• Equity prices remain volatile on a day-to-day basis, but haven’t moved much over the last several weeks. It seems that investors are waiting to see how smoothly economic re-opening plans progress.
• We continue to believe the U.S. and global economies will start to recover in the second half of 2020, but investors may be overly complacent about near-term risks.
• We remain cautiously optimistic about long-term prospects for stocks, but markets could be due for an additional period of consolidation in the coming weeks.

After falling the previous two weeks, stock prices rebounded last week due to increasing optimism over prospects for re-opening the economy. Many investors sense that global economic activity may be bottoming and the world could start to see a recovery. In the U.S., the S&P 500 Index climbed 3.6%, led by energy thanks to another sharp increase in oil prices.1Technology also outperformed, while more defensive areas such as utilities and consumer staples lagged.​

Ten Observations And Themes
1. The employment landscape looks dire. The April unemployment rate spiked to 14.7%, the highest level since October 1940.2 Job losses from March and April have totaled 21.4 million, wiping out all of the gains since the Great Recession.2 We expect to see at least one more month of sharply rising unemployment before a slow recovery could start.

2. The economy could recover in the second half of 2020. The data are already worse than the 2008/2009 recession in manufacturing, employment and auto sales. And we expect the same across retail sales, housing starts and industrial production. GDP declined 5% in the first quarter, and we expect it will fall by 25% or more in the second.3 The third quarter could see a sharp rebound to around 10% growth with perhaps 5% growth in the fourth.

3. We think April will mark the low for this recession. A combination of declining coronavirus cases in some areas, more hospital capacity, falling tax revenues and restlessness among consumers and businesses are pushing governors and other policymakers to start reopening some states and regions. One positive signal: One month ago, states with decelerating daily new COVID-19 cases made up 20% of the country’s GDP. That number has risen to 72%.4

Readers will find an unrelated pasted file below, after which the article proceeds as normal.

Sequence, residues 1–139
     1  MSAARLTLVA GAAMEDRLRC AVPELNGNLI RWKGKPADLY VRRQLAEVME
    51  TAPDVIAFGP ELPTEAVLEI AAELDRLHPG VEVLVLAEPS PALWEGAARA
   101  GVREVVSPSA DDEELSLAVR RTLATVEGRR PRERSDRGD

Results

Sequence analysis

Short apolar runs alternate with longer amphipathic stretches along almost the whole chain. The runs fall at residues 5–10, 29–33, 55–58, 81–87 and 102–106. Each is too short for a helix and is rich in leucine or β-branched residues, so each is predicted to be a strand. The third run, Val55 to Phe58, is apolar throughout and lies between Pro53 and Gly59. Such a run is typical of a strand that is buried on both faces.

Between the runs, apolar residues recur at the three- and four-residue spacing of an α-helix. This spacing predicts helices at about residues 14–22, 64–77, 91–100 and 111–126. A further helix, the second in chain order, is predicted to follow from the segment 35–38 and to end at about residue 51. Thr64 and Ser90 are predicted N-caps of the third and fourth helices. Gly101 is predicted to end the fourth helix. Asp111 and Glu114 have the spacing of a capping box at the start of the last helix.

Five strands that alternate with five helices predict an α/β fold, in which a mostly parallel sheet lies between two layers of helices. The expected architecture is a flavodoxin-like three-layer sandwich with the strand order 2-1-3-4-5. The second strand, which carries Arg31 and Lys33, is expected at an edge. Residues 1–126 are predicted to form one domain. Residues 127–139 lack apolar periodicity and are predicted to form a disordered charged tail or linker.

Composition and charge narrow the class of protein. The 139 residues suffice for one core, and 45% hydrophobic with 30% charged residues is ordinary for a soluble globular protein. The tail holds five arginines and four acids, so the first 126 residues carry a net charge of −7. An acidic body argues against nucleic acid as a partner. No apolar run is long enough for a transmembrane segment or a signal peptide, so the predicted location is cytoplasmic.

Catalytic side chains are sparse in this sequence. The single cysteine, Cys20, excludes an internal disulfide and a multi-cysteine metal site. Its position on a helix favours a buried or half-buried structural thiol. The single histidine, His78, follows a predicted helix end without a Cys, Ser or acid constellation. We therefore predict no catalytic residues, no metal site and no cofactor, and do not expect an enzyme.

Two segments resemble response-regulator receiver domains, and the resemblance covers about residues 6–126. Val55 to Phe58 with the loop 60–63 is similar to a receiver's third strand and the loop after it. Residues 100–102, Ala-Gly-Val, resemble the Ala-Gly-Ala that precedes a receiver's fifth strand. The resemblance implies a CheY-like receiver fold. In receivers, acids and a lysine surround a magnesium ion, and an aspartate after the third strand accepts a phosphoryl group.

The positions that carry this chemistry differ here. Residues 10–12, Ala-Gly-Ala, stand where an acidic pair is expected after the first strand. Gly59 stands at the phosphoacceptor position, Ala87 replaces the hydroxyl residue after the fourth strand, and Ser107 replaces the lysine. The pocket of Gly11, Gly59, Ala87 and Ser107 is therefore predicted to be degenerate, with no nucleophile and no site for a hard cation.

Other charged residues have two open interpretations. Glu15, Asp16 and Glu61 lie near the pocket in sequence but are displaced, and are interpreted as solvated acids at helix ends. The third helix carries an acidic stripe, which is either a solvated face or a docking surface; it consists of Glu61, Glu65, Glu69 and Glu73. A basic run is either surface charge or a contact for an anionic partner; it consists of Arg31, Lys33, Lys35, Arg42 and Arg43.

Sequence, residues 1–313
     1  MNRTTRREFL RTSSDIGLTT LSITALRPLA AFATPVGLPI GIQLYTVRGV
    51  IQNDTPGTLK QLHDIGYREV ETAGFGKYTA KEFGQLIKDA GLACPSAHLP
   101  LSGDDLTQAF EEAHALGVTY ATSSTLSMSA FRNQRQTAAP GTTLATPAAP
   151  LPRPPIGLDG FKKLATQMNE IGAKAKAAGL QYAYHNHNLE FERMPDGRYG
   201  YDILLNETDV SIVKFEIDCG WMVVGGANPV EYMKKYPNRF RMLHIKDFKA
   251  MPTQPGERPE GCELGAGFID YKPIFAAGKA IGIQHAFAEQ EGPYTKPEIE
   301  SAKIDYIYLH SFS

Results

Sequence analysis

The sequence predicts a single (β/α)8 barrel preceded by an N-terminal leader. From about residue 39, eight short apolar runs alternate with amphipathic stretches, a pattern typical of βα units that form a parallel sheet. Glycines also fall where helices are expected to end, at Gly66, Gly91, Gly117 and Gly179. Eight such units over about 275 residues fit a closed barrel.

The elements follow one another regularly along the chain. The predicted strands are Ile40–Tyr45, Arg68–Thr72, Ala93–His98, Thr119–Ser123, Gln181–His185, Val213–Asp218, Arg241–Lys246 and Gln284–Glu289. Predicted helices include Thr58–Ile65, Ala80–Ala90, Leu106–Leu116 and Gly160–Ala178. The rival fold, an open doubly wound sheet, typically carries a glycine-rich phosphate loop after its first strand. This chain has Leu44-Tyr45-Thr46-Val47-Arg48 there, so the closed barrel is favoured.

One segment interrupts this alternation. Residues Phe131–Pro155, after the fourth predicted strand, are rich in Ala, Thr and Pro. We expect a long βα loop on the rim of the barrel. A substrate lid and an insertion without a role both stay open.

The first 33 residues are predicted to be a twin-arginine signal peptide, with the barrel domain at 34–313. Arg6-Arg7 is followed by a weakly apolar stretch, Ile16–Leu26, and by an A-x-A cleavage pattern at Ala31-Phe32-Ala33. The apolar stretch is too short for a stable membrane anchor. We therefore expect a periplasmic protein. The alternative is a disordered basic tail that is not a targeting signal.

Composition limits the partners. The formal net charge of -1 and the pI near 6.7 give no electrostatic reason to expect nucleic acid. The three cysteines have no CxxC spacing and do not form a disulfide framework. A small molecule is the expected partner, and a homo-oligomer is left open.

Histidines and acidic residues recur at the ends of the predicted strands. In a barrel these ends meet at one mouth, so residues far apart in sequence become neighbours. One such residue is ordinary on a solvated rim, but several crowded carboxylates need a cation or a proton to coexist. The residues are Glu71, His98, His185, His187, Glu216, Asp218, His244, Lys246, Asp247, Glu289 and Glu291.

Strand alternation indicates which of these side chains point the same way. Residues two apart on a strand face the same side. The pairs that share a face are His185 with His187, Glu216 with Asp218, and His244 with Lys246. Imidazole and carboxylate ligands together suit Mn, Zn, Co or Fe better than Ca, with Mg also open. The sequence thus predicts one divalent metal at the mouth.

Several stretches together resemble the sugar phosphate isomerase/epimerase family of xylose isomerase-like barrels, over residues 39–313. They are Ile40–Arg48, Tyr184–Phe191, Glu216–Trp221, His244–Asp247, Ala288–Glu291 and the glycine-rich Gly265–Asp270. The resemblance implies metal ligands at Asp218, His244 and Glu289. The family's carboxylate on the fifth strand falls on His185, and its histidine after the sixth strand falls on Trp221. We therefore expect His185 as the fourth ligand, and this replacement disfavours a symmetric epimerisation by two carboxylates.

4. We expect another massive fiscal stimulus package of $1 trillion or more. We expect state and local government assistance, additional checks for individuals, targeted help for certain industries, tax breaks and more funding for unemployment insurance. We do not expect infrastructure spending to be included.

5. Corporate earnings remain under intense pressure. With about 90% of S&P 500 companies reporting, revenues are flat and earnings are down close to 15%.5 Cyclical areas have been particularly hard hit, while health care has been a bright spot.

6. Extreme monetary accommodation is keeping stock prices afloat. We have not seen a meaningful pullback in stock prices since the March 23. Equity valuations have been climbing since late March, as earnings have been falling.

7. Equity valuation increases have been uneven. The 12-month forward price-to-earnings ratio for the S&P 500 rose from 14X on March 23 to 19.4X at the end of last week.1 Some sectors have seen modest valuation increases, such as health care (12.9X to 15.9X), technology (16.7X to 20.8X) and financials (8.3X to 13.1X).1 Others have seen more extreme climbs, including consumer discretionary (16.8X to 28.8X) and energy (10.9X to an incredible 157X).1

8. Stocks appear stuck at their current range. The bull case rests on central bank easing, more fiscal stimulus and hopes over economic re-opening. The bear case is based on rising valuations and high uncertainty over the path of the coronavirus and economic reopening.

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